Happy Birthday to Us!
Apollo Fundraising was launched on 1st July 2016. But it turns out we share our birthday with a whole host of unlikely fundraising experts. As a little birthday present* from us to you, here are some fundraising tips we can learn from people born on 1st July.
*Don’t worry, we kept the receipt…
Debbie Harry - singer
(Born 1st July 1945)
"It's good to hear your voice, you know it's been so long
If I don't get your calls, then everything goes wrong...
Don't leave me hanging on the telephone"
(From Blondie's "Hanging on the Telephone")
The telephone can be an under-used tool for arts fundraisers. However, organisations that have fallen back in love with the telephone during the coronavirus lockdown have seen fantastic results. People are looking for opportunities to (meaningfully) connect with people outside of their households and social bubbles. At this time, your voice across the line can give your supporters a very pleasant sensation. Use it to find out how your supporters are coping, keep them up to date with what your organisation is doing and, if the time is right, even to ask for donations.
You can hear Dorcas Morgan (Development Director at Park Theatre) talk about the success of their telephone fundraising campaign as part of our Covid, Culture and Cash series of podcasts.
Carl Lewis - athelete
(Born 1st July 1961)
“If you don’t have confidence you will always find a way not to win”
Sometimes the biggest barrier between us and fundraising success is the nagging voice in the back of our head that tells us we can’t do it. The ask we put off making. The supporter we put off contacting. The new idea we put off launching. Those negative thoughts can quickly turn to self-fulfilling prophecy. Some of the ways you can silence those negative voices include:
- Practicing – seems obvious, but taking time to rehearse an ask, pitch or conversation in advance can help build confidence.
- Remember the theory – a lot of what we do becomes second-nature. However, consciously reminding ourselves of the theory behind our actions can boost confidence.
- Record previous successes – keeping a mental record of when things have gone well gives us a more positive message to drown out the negative voice.
I talk more about negative voices and self-fulfilling prophecies during my guest appearance on Howard Lake’s Fundraising Tune of the Day here – https://www.youtube.com/watch?v=IlMMQnWI4h4&list=PLwAHrkp_kfsSx2qUPV2n1V_yKHONfe2wl&index=20&t=0s
Hannah Murray - actress
(Born 1st July 1989)
“Sometimes do you talk fancy on purpose to confuse me?”
Gilly, Game of Thrones
I’m sure fundraisers (and particularly trust fundraisers) don’t deliberately set out to confuse people but often that can be the outcome. In a bid to make our work sound “unique” and “innovative” we can end up making it impossible for potential supporters to understand what it is we actually do.
One reason for this is The Curse of Knowledge. Fundraisers know their organisation’s work inside out – they see it on a daily basis. When it comes to writing an application they know exactly what the work looks, sounds and feels like. And they forget what it’s like not to know that. However, the people reading our applications don’t have that experience. As fundraisers, it’s our job to give them that complete mental picture.
You can find out more about the Curse of Knowledge here – http://apollofundraising.com/blog/three-fundraising-curses-part-one-the-curse-of-knowledge/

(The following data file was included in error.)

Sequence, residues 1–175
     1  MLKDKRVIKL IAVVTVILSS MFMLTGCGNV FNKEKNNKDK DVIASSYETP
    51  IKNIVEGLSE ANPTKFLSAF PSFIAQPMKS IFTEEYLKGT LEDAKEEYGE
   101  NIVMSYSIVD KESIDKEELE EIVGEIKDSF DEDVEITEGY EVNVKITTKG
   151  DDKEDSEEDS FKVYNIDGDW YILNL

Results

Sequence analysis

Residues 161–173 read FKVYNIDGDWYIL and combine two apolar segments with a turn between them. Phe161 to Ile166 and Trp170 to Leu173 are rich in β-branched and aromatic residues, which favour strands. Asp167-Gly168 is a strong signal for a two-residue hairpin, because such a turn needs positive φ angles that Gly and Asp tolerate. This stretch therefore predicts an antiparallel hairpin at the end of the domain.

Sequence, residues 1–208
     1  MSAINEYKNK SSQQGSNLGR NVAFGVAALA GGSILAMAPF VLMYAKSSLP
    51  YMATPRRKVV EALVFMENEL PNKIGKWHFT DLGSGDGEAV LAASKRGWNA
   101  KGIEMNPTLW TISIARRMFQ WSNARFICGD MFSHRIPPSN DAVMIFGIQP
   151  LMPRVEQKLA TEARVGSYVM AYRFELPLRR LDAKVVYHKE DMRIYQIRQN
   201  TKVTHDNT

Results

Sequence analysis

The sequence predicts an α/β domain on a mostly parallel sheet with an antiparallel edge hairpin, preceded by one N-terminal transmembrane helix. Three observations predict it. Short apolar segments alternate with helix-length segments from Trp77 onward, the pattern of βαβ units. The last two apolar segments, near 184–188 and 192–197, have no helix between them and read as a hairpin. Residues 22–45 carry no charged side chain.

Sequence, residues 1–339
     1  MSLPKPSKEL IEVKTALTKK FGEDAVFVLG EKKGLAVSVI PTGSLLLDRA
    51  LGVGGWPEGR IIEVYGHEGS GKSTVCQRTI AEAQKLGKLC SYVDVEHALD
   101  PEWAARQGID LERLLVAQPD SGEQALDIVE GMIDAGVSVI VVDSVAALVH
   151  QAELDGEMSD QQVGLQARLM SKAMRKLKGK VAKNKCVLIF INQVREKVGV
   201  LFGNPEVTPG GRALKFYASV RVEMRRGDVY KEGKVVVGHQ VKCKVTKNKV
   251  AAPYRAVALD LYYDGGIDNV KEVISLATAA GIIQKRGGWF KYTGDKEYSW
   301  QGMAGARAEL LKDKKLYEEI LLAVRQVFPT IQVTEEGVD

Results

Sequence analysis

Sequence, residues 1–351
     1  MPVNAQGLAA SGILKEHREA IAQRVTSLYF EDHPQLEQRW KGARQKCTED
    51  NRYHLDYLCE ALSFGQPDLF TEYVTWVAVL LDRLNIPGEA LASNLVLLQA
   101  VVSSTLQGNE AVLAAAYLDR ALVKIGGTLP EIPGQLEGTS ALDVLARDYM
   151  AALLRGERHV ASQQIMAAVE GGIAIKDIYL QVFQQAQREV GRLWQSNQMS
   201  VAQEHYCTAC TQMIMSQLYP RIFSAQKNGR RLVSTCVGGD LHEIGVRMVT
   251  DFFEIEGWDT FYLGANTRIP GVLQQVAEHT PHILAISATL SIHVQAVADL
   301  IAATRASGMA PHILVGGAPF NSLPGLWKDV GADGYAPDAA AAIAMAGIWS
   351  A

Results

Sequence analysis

Daniel Ricciardo - racing driver
(Born 1st July 1989)
“Sometimes you’ve just got to lick the stamp and send it”
Daniel Ricciardo is a rich source of quotes. This particular gem was given during a post-race interview after he’d made a daring move to overtake that most drivers wouldn’t have considered.
The point is, in our bid for perfection we can sometimes let opportunities pass us by. Of course, we want to do the best job we can. But at some point we’ve got to “Just pull the trigger. Trust the car, trust the brakes and go”. (Another Ricciardo quote).
Missy Elliott - rapper and singer
(Born 1st July 1971)
"Is it worth it? Let me work it
I put my thang down, flip it and reverse it"
(from Work It)
Building relationships with supporters and prospects takes time, effort and money. No organisation has a limitless supply of these resources. As a result, you can’t do everything. This means that fundraisers need to prioritise. And, with these resources likely to be especially scarce in the coming months there is even more pressure to make sure you are using your time and effort on the funding streams and relationships that are likely to give you the best results.
That might mean dropping the gala dinner that your chair loves but that takes a year to organise and raise no money. Or it might mean not investing as much in corporate fundraising if you haven’t got an obvious proposition or prospect pool. It might feel like leaving money on the table but spreading yourself too thin can be even more costly.
Think about the size of the prize before you start. If it looks like it’s going to be underwhelming, don’t work it!
Olivia de Havilland - actress
(Born 1st July 1920)
"He’s grown greedier over the years. Before he only wanted my money; now he wants my love as well"
(Catherine Sloper in "The Heiress")
We talk a lot about the importance of building relationships with supporters. However, not all supporters are looking for the same kind of relationship. And some don’t want any relationship at all.
We can invest a lot of time and effort in trying to get the wrong people to love us. This normally happens when someone has money but when they lack the motivation and connection with our cause. Researching and qualifying prospects is an important step to avoid you chasing after a heart that already belongs to someone else.
Don’t necessarily assume that the biggest cheques mean the most love.